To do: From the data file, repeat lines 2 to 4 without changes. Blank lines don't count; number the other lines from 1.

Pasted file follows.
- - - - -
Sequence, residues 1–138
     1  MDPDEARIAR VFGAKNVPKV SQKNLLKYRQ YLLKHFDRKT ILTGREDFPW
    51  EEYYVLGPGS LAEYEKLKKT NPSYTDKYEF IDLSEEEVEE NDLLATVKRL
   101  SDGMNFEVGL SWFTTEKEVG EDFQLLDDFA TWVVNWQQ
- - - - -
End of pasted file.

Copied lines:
     1  MDPDEARIAR VFGAKNVPKV SQKNLLKYRQ YLLKHFDRKT ILTGREDFPW
    51  EEYYVLGPGS LAEYEKLKKT NPSYTDKYEF IDLSEEEVEE NDLLATVKRL
   101  SDGMNFEVGL SWFTTEKEVG EDFQLLDDFA TWVVNWQQ